What Would We Do Without Experts?

Daily Best of the Web   —   Posted on March 10, 2015

What Would We Do Without Experts?

The following is an excerpt from OpinionJournal’s “Best of the Web” at WSJ written by the editor, James Taranto.

What Would We Do Without Experts?
“Weather Experts Say Warmer Weather Is Really Coming”—headline, Daily Local News (West Chester, Pa.), March 6

Bottom Stories of the Day
“Tourists to Scotland ‘Let Down by Quality of Food’ ”—headline, Scotsman, March 8

Paper Tigress
If you were following the revelations about Hillary Clinton’s private State Department IT operation last week, you probably heard that, as the initial New York Times story put it, “55,000 pages of emails were given to the department” in December after being selected by a private aide to the former secretary. You might have wondered: What does that mean, 55,000 “pages”? …

It turns out the reference is to literal physical pages. From Friday’s Times: “Finally, in December, dozens of boxes filled with 50,000 pages of printed emails from Mrs. Clinton’s personal account were delivered to the State Department.”

Why did Mrs. Clinton have her staff go through the trouble of printing out, boxing and shipping 50,000 or 55,000 pages instead of just sending a copy of the electronic record? One can only speculate, but there is an obvious advantage: Printed files are less informative and far harder to search than the electronic originals.

Because State has only printouts of emails, department personnel responding to a Freedom of Information Act request have to go through the whole haystack rather than type “needle” into a search engine. At best, that would mean long delays in FOIA compliance.

Likewise, printouts are not subject to electronic discovery in the event of investigation or lawsuit. The Times reports that department lawyers responding to a request from the House Select Committee on Benghazi took two months to find “roughly 900 pages pertaining to the Benghazi attacks.” And printouts do not include electronic “metadata,” which can provide crucial forensic evidence.

Just what was Mrs. Clinton trying to hide? She set up the private domain even before her confirmation as secretary of state and never even had an official email address, so the answer at the outset would have been “Whatever.” In the event, possible specific answers include information about Benghazi and about the Clinton Foundation.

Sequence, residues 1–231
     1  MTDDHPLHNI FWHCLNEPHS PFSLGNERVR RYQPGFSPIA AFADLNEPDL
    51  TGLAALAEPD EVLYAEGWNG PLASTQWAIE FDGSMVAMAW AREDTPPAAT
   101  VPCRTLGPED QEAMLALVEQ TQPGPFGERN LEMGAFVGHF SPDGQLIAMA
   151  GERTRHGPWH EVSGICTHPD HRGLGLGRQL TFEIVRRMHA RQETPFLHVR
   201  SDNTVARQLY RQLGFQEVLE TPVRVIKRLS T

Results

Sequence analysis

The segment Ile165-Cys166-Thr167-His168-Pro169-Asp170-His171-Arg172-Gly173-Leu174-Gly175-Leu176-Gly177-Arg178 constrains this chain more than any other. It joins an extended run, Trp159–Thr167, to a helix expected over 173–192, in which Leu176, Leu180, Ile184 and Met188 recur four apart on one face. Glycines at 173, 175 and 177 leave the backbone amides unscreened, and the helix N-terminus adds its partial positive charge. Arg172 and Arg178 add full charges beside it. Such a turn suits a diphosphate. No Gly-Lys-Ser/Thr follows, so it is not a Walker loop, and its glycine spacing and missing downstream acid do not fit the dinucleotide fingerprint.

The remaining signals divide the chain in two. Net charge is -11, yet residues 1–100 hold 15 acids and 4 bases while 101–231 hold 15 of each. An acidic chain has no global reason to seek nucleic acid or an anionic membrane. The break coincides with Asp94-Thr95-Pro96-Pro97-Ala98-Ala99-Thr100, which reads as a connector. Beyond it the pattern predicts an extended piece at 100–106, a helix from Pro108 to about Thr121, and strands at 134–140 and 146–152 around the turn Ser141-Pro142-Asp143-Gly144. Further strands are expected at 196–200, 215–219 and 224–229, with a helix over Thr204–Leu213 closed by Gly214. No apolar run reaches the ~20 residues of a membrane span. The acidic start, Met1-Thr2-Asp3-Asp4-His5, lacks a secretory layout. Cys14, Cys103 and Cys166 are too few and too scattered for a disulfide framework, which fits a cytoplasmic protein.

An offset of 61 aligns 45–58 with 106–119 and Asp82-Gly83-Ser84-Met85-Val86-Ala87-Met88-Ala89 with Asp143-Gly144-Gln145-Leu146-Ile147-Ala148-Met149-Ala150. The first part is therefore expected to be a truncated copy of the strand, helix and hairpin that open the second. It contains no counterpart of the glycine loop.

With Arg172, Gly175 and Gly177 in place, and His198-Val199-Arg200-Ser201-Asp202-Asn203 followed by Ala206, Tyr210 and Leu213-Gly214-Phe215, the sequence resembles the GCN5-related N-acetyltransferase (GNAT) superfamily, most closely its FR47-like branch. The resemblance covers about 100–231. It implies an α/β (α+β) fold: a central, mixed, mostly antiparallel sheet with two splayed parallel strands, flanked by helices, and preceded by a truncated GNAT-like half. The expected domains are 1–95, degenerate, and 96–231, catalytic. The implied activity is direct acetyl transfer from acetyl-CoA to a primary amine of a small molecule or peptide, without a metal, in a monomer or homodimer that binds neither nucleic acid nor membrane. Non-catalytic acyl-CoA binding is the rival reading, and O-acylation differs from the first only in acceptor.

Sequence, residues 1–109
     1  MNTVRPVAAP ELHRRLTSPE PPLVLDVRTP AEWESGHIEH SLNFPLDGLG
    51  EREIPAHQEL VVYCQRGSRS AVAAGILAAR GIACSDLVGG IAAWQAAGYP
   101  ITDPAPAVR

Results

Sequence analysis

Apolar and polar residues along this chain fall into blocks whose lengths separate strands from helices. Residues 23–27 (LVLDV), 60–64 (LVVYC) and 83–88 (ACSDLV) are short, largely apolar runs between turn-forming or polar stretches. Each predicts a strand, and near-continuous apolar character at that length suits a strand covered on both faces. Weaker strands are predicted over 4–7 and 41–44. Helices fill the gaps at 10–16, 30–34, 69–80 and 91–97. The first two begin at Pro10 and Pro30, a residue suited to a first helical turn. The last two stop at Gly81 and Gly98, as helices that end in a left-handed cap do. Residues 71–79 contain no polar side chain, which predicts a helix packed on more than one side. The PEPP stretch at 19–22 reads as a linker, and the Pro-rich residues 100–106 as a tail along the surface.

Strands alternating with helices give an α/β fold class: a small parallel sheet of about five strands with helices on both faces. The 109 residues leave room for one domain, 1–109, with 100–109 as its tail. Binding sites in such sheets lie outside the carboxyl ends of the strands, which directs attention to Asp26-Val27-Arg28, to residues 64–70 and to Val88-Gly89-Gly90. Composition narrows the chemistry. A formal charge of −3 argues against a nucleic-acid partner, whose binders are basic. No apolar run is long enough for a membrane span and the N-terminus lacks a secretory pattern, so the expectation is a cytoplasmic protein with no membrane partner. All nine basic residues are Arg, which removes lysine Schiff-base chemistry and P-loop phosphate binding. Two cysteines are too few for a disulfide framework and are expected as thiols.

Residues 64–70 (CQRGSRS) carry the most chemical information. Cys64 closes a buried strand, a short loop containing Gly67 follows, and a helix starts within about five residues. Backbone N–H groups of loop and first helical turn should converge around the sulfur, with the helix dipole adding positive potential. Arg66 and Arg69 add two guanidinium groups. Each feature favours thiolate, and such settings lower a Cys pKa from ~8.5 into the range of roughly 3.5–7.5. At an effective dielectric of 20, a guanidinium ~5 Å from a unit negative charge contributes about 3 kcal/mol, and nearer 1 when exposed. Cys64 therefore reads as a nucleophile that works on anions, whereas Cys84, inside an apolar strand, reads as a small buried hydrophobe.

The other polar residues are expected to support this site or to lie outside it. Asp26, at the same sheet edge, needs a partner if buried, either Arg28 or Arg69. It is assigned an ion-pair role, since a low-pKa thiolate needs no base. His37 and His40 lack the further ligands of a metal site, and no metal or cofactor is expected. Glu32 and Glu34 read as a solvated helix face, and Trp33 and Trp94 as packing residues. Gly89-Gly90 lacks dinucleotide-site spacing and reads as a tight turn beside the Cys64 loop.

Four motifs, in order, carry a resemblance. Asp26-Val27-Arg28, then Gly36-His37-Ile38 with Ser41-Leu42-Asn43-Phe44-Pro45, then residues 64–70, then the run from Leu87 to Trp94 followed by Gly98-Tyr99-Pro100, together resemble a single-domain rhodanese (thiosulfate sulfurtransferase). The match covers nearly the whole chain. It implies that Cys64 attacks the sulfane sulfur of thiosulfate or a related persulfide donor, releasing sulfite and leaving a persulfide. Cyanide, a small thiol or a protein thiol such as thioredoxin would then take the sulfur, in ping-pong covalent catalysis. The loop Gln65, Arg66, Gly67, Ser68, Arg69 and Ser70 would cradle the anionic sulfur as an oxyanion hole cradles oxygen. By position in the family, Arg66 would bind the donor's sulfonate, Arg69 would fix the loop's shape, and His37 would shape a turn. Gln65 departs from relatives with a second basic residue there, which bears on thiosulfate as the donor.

The New York Post reports that Rep. Trey Gowdy of South Carolina, chairman of the Benghazi committee, yesterday “said there are ‘huge gaps’ in the Hillary Clinton emails turned over to his panel”:

“We don’t have all of them,” Rep. Trey Gowdy (R-SC) said Sunday on CBS’s “Face the Nation.”

Included in the gaps are emails from Oct. 18, 2011, the date of the well-known photo of then-Secretary of State Clinton wearing sunglasses and gripping her BlackBerry while on a plane to Libya.

In fact, there were no emails released to the committee from that entire trip, Gowdy said.

Even though Clinton was famously seen checking her BlackBerry on Oct. 18, 2011, no emails from that day were turned over to the House Benghazi committee.

“It strains credibility to believe that if you’re on your way to Libya to discuss Libyan policy, that there’s not a single document that’s been turned over to Congress,” said Gowdy, who issued subpoenas last week for Clinton’s Libya emails.

There is no way of knowing if the missing emails were withheld by Mrs. Clinton from the State Department, withheld by the department from the committee, or overlooked by the department’s lawyers as they went through box after box. (To be sure, it is also possible that no such emails exist. Although it strains credulity, it does not defy logic to observe that perhaps the secretary was merely playing Brick Breaker.)

National Journal’s Ron Fournier, meanwhile, wonders “what the emails might reveal about any nexus between Clinton’s work at State and donations to the Bill, Hillary & Chelsea Clinton Foundation from U.S. corporations and foreign nations”: